Robin went to inspect the new bridge with a dog he lured from the pub with a fresh-baked loaf of bread. Upon seeing the bridge, he remarked that it might not even take the loaf’s weight. The Devil demanded that the magician throw his loaf onto the bridge to prove that it was strong enough. Robin threw the loaf onto the bridge, and the dog chased it across, thus cheating the Devil of a human soul.


In the 13th century, Llewelyn, prince of North Wales, had a palace at Beddgelert. One day he went hunting without Gelert, his ‘Faithful Hound’. On Llewelyn’s return, the dog, stained and smeared with blood, joyfully sprang to meet his master. Llewelyn, alarmed, rushed to find his son finding his cot empty, the bedclothes and floor covered with blood.

Thinking it had killed his heir, he plunged his sword into the hound’s side. The dog’s dying yell was answered by a child’s cry. Llewelyn searched and discovered his boy unharmed, but nearby lay the body of a mighty wolf that Gelert had slain. The prince – filled with remorse – is said never to have smiled again.


Llanberis was the home of a legendary strong woman, Marged Ferch Ifan. A harpist and wrestler, who was the subject of songs and tales that describe her abilities. She was said to row large loads across the waters of Llyn Padarn and Llyn Peris. Naturalist, writer and antiquarian Thomas Pennant described her as “Queen of the Lakes”.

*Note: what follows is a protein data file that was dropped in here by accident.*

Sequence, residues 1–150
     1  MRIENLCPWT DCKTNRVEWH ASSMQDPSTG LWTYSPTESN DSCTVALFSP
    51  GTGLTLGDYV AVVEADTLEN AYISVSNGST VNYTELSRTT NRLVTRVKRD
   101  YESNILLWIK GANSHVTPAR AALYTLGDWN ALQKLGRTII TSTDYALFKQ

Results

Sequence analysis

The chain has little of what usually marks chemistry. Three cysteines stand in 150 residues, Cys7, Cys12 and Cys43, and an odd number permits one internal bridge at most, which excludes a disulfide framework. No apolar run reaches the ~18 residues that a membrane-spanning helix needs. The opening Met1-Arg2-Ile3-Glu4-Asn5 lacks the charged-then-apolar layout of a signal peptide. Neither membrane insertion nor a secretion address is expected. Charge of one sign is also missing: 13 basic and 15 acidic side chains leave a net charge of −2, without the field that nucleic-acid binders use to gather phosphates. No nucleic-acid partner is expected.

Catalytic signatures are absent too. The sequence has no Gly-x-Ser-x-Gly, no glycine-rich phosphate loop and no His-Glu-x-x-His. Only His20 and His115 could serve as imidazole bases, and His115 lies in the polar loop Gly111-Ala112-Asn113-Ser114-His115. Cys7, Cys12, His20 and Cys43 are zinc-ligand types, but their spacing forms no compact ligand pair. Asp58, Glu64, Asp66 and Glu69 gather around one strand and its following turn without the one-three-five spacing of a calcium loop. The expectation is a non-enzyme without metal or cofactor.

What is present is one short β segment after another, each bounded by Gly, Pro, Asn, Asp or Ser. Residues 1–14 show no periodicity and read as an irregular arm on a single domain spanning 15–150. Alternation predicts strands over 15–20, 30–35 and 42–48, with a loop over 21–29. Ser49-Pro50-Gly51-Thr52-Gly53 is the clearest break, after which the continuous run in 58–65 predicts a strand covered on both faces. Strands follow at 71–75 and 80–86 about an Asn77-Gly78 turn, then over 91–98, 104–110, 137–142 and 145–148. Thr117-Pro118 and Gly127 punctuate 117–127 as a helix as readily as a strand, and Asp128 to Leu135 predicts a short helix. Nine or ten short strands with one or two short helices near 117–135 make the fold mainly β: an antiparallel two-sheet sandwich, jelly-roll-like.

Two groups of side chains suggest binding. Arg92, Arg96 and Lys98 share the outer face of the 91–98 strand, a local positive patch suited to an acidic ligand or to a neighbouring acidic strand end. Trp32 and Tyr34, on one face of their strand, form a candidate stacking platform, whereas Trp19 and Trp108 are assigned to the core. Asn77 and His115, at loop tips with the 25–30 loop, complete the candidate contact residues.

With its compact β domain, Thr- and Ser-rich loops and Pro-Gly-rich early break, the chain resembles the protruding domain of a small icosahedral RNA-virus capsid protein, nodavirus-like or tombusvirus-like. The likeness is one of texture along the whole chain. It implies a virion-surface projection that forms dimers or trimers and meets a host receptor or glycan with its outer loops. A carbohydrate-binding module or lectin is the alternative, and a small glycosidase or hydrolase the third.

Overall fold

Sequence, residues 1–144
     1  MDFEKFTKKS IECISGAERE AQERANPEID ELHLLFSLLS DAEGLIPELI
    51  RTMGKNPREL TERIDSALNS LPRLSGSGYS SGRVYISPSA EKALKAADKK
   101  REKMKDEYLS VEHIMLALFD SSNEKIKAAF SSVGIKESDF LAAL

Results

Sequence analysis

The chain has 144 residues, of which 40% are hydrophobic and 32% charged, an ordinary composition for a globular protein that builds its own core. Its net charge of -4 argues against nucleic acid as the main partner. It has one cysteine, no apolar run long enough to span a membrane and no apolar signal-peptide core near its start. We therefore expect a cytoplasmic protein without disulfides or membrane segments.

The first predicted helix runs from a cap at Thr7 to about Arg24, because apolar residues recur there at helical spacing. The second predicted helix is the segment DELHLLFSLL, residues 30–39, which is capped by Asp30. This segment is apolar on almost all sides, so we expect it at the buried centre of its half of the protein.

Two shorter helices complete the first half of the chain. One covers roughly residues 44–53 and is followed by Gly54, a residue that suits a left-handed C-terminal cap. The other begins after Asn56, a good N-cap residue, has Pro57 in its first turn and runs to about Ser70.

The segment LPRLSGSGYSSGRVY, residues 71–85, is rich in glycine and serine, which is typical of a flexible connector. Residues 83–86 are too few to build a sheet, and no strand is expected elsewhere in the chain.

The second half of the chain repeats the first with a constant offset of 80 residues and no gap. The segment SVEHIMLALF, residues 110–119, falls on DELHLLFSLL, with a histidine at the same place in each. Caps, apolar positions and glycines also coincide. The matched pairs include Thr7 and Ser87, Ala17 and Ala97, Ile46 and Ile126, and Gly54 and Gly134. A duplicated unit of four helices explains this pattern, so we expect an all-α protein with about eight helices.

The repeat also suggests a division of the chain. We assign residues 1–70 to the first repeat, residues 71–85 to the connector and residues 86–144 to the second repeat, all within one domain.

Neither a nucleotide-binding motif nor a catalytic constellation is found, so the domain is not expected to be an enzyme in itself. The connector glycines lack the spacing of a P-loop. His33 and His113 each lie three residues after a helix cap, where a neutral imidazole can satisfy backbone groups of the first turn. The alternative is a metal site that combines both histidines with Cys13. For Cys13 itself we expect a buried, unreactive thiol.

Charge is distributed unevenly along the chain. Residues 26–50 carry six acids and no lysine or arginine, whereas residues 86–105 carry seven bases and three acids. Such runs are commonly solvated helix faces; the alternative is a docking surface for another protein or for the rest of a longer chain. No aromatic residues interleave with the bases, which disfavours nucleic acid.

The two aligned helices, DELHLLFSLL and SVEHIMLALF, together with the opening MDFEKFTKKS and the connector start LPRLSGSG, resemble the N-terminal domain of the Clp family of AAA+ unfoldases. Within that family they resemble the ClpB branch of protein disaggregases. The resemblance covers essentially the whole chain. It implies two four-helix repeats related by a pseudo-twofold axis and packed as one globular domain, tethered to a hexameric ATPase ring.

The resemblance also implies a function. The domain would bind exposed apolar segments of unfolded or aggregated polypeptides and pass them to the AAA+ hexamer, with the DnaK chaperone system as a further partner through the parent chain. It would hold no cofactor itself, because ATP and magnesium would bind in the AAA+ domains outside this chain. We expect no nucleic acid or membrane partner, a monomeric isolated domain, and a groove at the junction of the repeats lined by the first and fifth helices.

Dinas Emrys

Located near Beddgelert is Dinas Emrys, the lofty mountain home of the Welsh red dragon. In the fifth century, the Celtic King Vortigern chose the area as the site for his castle. Every day his men would work hard erecting the first of several proposed towers. But the following day, they would return to find them collapsed in a heap. Vortigern was advised to seek the help of a young boy – who turned out to be Merlin.

For as long as the imperious Yr Wyddfa has stood, legends have been carved out in its shadow. From the high mountain passes to the lakes and forests of Eryri, tales and characters have emerged that intrigue, inspire and mystify. This is a land where legends are made. A land with a deeper power that calls to others, challenging them to discover its irresistible magic, and in doing so, learn something about themselves.